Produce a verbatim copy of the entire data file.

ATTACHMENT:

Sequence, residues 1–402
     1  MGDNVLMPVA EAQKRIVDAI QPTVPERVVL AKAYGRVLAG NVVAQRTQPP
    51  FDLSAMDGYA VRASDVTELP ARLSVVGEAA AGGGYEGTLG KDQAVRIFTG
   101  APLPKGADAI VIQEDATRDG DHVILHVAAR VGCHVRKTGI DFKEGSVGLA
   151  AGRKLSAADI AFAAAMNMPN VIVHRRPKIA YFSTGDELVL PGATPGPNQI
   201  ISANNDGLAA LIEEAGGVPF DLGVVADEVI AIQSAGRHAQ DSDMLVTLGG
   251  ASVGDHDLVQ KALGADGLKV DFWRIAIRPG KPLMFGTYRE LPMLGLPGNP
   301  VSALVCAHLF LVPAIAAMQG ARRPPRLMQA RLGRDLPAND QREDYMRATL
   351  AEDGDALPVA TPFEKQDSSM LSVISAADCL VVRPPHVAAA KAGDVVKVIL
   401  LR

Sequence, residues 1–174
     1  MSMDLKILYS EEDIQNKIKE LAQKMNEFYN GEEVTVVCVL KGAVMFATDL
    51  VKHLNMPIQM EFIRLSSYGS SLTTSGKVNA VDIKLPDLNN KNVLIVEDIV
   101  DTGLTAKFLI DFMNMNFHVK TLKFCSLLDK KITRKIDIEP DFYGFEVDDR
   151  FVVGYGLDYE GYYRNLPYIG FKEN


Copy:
Sequence, residues 1–402
     1  MGDNVLMPVA EAQKRIVDAI QPTVPERVVL AKAYGRVLAG NVVAQRTQPP
    51  FDLSAMDGYA VRASDVTELP ARLSVVGEAA AGGGYEGTLG KDQAVRIFTG
   101  APLPKGADAI VIQEDATRDG DHVILHVAAR VGCHVRKTGI DFKEGSVGLA
   151  AGRKLSAADI AFAAAMNMPN VIVHRRPKIA YFSTGDELVL PGATPGPNQI
   201  ISANNDGLAA LIEEAGGVPF DLGVVADEVI AIQSAGRHAQ DSDMLVTLGG
   251  ASVGDHDLVQ KALGADGLKV DFWRIAIRPG KPLMFGTYRE LPMLGLPGNP
   301  VSALVCAHLF LVPAIAAMQG ARRPPRLMQA RLGRDLPAND QREDYMRATL
   351  AEDGDALPVA TPFEKQDSSM LSVISAADCL VVRPPHVAAA KAGDVVKVIL
   401  LR

Sequence, residues 1–174
     1  MSMDLKILYS EEDIQNKIKE LAQKMNEFYN GEEVTVVCVL KGAVMFATDL
    51  VKHLNMPIQM EFIRLSSYGS SLTTSGKVNA VDIKLPDLNN KNVLIVEDIV
   101  DTGLTAKFLI DFMNMNFHVK TLKFCSLLDK KITRKIDIEP DFYGFEVDDR
   151  FVVGYGLDYE GYYRNLPYIG FKEN